With the Fifth Sunday of Lent, we of the Roman Church enter into Passiontide. Since time immemorial it has been called 1st Passion Sunday. During the last two weeks of Lent, Holy Church’s liturgical dying speeds up. Motus in fine velocior.
In the traditional calendar, we began liturgically to slow down and die on Septuagesima Sunday of Fore-Lent, when the Alleluia drops away from Holy Mass and violet is used thenceforth on Sundays. During Lent we lose the Gloria. With Passiontide, more liturgical items drop away, just as certain faculties and aspects of our lives depart as we approach our own earthly end. For example, in traditional form of Mass the Iudica psalm is left out during the Prayers at the Foot of the Altar, and the Gloria Patri is omitted after the Asperges, Introit and Lavabo. This is the Sunday when the Church begins to deprive our senses: all statues and images are covered with violet veils.
In the Gospel for 1st Passion Sunday we hear: Iesus autem abscondebat se, “but Jesus hid Himself”. On Holy Thursday, the Eucharist is removed, the altar stripped and Holy Water stoops are emptied. Harsh wooden noisemakers, or crotali, replace our silenced bells. On Good Friday there is no Mass, though we can receive Communion.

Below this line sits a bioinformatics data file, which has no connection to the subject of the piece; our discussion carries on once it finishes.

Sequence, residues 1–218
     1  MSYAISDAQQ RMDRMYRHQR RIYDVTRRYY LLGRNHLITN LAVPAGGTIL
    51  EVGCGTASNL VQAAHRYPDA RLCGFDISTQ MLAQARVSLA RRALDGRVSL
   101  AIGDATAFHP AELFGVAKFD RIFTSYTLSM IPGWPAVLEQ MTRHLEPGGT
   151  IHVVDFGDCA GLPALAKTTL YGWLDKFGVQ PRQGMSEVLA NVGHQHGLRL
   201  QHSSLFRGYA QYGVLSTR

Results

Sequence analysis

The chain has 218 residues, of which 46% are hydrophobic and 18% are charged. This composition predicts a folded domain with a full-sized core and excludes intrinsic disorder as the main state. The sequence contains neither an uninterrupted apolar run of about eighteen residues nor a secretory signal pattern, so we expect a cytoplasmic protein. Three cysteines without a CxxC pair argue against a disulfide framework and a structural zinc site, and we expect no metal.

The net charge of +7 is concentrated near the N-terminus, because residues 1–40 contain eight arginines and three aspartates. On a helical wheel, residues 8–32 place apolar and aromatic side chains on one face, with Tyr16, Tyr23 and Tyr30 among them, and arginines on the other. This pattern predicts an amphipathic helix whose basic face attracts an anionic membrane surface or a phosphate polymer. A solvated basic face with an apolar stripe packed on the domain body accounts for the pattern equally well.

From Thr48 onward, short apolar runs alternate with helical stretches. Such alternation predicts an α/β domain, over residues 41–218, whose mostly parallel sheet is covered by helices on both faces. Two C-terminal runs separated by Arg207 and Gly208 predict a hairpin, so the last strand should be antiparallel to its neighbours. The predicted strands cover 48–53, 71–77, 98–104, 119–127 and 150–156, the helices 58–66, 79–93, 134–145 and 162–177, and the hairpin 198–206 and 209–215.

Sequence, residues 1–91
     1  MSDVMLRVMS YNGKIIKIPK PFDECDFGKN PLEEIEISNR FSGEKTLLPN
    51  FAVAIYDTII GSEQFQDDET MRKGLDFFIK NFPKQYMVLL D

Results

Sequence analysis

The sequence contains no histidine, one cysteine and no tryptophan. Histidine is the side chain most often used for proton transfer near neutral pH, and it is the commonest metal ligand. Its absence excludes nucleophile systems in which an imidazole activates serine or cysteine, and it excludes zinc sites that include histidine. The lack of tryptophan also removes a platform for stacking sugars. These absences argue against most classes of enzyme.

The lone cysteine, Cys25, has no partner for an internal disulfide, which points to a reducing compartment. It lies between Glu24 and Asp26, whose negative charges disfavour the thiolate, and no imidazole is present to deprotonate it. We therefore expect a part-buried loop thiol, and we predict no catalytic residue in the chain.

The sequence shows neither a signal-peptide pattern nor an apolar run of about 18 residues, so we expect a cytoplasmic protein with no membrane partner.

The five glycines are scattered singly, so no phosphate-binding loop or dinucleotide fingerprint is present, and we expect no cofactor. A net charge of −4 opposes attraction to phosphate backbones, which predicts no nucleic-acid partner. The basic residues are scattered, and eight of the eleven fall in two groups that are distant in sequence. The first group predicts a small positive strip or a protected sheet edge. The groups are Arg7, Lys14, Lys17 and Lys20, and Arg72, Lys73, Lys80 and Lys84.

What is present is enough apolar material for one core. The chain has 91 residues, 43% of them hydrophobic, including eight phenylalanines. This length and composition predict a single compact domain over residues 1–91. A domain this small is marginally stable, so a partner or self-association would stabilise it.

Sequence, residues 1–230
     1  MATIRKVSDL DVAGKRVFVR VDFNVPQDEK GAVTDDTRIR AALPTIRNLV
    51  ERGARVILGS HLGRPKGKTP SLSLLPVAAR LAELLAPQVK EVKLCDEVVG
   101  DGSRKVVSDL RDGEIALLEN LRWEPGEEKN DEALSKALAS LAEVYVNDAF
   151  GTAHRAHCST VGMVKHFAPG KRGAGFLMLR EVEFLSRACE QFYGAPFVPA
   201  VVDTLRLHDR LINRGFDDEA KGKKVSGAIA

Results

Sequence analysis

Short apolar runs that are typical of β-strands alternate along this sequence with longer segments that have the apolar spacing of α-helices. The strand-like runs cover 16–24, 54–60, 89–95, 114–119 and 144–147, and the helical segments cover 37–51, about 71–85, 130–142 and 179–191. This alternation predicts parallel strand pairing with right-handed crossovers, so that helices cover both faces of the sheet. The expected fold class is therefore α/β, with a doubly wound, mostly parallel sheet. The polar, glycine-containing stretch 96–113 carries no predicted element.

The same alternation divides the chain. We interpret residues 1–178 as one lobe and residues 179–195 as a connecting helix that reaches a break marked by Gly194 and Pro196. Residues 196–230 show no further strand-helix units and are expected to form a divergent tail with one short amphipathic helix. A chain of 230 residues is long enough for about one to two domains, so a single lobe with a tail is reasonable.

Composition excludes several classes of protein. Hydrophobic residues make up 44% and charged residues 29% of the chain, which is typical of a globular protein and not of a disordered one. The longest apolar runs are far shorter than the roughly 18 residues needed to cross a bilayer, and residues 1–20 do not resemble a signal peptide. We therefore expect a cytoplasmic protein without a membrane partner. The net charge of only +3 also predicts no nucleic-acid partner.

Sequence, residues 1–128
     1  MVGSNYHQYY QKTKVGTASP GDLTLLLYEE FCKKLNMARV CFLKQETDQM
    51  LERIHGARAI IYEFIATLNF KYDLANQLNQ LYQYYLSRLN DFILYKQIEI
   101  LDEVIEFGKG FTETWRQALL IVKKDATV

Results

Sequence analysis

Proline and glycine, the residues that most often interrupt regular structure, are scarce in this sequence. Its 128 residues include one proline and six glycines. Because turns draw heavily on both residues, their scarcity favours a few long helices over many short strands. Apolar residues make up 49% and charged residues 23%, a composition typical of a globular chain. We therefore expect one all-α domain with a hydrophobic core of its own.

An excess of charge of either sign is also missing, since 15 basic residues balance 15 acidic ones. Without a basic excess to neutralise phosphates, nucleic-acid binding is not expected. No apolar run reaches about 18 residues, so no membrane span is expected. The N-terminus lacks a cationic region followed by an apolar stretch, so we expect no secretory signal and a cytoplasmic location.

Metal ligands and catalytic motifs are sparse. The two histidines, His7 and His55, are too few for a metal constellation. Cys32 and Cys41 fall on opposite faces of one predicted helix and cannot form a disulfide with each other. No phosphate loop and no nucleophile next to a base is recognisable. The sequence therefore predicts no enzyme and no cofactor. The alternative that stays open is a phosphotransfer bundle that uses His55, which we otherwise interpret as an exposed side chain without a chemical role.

On Saturday there isn’t even Communion. Since the Vigil Mass of Easter is not supposed to start until night begins, there isn’t any light. The Church is dark, liturgically dead in the tomb with the Lord awaiting the spark of fire, new light and liturgical life.
Speaking of the removal of Holy Water, in some places misguided priests confiscate this useful sacramental on Ash Wednesday. I suppose they want to help you have a “desert experience”. Fail. If there is ever a time when we need the aid of such an effective sacramental, it is precisely during our spiritual discipline of Lent. Moreover, the Holy See’s Congregation for Divine Worship clarified in 2003 (Prot. No. 569/00/L) that the removal of Holy Water for all of Lent is not permitted.
They refer to the wrong-headed practice as a praeter legem innovation, which is “contrary to a balanced understanding of the season of Lent”. Moreover, “The ‘fast’ and ‘abstinence’ which the faithful embrace in this season does not extend to abstaining from the sacraments or sacramentals of the Church.”
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